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Raghuram Rajan

Senior Fellow

Raghuram Rajan is a senior fellow at the Hoover Institution and is the Katherine Dusak Miller Distinguished Service Professor of Finance at the University of Chicago's Booth School.

Prior to that, he was the twenty-third governor of the Reserve Bank of India from 2013 to 2016, as well as the vice chairman of the board of the Bank for International Settlements from 2015 to 2016. He was the chief economist and director of research at the International Monetary Fund from 2003 to 2006. Rajan’s research interests are in banking, corporate finance, and economic development, especially the role finance plays in it. He coauthored Saving Capitalism from the Capitalists with Luigi Zingales in 2003. He then wrote Fault Lines: How Hidden Fractures Still Threaten the World Economy, for which he was awarded the Financial Times-Goldman Sachs prize for best business book in 2010. Rajan was the president of the American Finance Association in 2011 and is a member of the American Academy of Arts and Sciences and the Group of Thirty.

In January 2003, the American Finance Association awarded him the inaugural Fischer Black Prize for the best finance researcher under the age of forty. The other awards he has received include the global Indian of the year award from NASSCOM in 2011, the Infosys prize for the Economic Sciences in 2012, the Deutsche Bank Prize for Financial Economics in 2013, and Euromoney magazine’s Central Banker of the Year Award 2014.

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Recent Commentary

Comments and Related Research

The Two Faces of Liquidity

by Raghuram Rajanvia Revisiting the 2008 Financial Crisis
Friday, October 19, 2018

"It has been about 10 years since the global financial crisis. What have we learnt about it? The behavior of financial-sector participants was clearly aberrant, and needed to be rectified..." The 2018 Martin Feldstein Lecture. NBER Reporter, No.3 September 2018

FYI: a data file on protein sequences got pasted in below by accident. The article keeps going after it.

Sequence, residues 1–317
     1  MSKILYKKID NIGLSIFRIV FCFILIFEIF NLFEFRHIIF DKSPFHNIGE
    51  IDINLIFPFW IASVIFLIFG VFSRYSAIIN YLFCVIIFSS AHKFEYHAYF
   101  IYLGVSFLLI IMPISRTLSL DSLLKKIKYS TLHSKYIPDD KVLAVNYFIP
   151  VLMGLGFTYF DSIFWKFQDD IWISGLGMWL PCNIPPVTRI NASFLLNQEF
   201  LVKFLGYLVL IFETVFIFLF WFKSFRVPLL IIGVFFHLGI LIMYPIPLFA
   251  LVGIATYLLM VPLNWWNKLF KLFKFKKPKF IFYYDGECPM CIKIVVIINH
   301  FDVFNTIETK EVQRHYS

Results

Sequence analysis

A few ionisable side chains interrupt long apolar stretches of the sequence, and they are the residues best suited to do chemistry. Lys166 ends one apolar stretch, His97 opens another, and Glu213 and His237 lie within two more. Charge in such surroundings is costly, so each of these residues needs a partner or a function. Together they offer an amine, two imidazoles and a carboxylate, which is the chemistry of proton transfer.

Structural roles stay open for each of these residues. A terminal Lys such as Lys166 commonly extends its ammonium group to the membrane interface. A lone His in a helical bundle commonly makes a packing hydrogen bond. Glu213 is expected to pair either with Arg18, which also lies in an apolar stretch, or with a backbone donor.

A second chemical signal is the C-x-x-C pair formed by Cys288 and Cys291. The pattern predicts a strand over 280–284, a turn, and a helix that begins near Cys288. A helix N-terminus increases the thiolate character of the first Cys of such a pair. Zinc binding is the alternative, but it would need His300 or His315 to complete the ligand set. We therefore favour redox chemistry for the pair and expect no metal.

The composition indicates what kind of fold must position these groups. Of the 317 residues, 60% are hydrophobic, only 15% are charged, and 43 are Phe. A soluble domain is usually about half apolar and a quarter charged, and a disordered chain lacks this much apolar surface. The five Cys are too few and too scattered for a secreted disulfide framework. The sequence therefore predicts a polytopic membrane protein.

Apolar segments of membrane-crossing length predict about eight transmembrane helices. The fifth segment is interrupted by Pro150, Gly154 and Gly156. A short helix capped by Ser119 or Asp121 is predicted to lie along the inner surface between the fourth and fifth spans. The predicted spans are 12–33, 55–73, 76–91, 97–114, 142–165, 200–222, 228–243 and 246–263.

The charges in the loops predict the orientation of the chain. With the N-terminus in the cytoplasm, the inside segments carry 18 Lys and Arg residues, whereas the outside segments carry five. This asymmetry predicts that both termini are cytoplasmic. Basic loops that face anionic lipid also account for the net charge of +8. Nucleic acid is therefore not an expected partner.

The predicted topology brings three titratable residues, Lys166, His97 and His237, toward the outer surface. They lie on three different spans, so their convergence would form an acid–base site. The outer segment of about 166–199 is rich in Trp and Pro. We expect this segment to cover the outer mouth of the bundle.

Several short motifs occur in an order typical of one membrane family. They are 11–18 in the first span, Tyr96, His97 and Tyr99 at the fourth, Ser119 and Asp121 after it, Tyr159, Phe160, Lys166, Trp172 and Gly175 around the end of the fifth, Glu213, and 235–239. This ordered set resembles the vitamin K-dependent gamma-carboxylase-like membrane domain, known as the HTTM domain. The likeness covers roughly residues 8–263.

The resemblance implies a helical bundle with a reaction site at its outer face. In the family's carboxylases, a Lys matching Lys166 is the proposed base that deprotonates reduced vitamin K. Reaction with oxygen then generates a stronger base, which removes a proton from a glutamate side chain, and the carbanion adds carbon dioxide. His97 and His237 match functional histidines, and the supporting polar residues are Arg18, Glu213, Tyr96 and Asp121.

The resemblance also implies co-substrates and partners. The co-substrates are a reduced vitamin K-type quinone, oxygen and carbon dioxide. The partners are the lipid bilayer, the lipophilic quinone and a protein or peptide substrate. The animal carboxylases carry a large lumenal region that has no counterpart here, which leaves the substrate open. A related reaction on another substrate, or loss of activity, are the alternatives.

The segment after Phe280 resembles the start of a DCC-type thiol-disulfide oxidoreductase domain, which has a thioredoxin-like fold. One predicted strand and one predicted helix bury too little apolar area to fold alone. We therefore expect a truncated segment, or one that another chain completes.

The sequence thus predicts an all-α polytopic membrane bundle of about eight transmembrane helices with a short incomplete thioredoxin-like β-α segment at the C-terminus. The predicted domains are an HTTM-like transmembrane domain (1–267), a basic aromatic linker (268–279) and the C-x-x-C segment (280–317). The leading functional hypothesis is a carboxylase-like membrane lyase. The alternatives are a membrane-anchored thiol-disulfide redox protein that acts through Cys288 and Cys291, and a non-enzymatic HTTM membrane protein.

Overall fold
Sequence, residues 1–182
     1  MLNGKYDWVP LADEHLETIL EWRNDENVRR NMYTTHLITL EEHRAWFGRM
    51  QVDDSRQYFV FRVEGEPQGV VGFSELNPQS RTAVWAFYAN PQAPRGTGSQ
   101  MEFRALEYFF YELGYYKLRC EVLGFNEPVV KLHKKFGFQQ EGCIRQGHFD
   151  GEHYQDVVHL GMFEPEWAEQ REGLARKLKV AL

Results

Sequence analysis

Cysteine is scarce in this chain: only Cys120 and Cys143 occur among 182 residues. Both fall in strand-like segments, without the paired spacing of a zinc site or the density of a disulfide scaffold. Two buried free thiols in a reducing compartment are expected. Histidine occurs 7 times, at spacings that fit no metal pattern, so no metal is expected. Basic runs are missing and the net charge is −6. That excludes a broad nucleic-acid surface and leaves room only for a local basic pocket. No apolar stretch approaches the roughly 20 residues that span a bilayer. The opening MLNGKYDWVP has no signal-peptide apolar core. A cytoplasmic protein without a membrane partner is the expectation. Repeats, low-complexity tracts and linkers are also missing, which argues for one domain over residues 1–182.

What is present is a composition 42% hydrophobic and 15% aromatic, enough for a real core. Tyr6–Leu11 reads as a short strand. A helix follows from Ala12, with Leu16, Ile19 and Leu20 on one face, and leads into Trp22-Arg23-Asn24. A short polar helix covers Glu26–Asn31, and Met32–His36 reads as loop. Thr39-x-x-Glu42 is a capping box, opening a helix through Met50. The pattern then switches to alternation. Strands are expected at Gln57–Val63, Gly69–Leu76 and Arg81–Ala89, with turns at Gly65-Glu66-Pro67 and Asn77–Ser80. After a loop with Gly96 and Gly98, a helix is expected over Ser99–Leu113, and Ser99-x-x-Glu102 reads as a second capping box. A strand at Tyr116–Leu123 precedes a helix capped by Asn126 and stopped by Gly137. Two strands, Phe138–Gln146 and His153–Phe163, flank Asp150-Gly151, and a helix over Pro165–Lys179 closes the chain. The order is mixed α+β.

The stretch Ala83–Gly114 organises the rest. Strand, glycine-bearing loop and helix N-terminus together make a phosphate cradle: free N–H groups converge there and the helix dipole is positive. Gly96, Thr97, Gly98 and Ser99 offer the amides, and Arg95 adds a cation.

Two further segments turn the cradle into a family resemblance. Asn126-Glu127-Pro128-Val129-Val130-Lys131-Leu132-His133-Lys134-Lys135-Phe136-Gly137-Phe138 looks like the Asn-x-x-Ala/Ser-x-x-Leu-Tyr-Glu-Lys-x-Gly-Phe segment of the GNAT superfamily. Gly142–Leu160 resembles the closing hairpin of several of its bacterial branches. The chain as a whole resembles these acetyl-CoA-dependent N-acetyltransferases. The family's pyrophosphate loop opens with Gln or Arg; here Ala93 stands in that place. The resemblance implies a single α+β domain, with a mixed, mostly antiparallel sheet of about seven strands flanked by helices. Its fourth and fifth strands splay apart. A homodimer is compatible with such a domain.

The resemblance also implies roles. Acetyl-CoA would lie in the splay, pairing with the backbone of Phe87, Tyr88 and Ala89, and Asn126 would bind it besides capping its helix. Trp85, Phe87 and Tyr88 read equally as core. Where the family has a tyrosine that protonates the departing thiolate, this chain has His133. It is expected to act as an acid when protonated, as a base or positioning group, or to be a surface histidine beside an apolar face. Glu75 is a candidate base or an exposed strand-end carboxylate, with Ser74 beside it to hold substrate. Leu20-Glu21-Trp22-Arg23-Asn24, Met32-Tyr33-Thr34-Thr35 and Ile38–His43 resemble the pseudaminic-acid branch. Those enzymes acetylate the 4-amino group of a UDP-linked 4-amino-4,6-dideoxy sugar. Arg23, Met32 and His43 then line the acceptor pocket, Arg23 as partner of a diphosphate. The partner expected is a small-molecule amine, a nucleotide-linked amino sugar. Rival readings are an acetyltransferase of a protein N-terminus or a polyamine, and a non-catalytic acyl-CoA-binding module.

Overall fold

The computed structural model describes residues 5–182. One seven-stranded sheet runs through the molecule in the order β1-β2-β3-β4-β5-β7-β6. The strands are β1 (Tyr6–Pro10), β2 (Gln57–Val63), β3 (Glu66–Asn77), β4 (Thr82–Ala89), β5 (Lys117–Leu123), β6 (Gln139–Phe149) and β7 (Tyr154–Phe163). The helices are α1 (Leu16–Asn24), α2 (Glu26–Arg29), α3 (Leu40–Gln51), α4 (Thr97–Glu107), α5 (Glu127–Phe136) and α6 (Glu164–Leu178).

What Worries Me About The U.S. Economy

by Raghuram Rajanvia The Washington Post
Thursday, October 11, 2018

The U.S. economy certainly appears as if it is in an ideal place: unemployment is at its lowest in nearly half a century, and the number of people voluntarily leaving jobs to find new ones, an indicator of their confidence in the economy, is at a 20-year high. Economic growth this year is likely to be around 3 percent, more than what most economists think the economy is capable of in the medium term. Inflation is moderate.

Analysis and Commentary

Central Banks’ Year Of Reckoning

by Raghuram Rajanvia Live Mint
Monday, January 1, 2018

Since 2008, central banks in industrial countries have deviated from ordinary monetary policymaking in a variety of ways. They’ve tried to persuade the public through “forward guidance” that interest rates would stay low for extended periods of time. And they’ve deployed various programmes such as long-term refinancing operations (LTROs), the securities markets programme (SMP) and quantitative easing (QE) in pursuit of various goals.

Analysis and Commentary

Central Banks’ Year Of Reckoning

by Raghuram Rajanvia Project Syndicate
Thursday, December 21, 2017

[Subscription Required] In the absence of political solutions, central banks in the decade since the 2008 financial crisis have rolled out one unconventional monetary policy after another, with various justifications and varying effectiveness. Now that the period of monetary exceptionalism seems to be coming to an end, central bankers must soberly assess their own record.


Was Unconventional Monetary Policy A Success?

by Raghuram Rajanvia Chicago Booth Review
Monday, September 25, 2017

How central bankers’ extraordinary solutions have led to some profound questions about the future of monetary policy.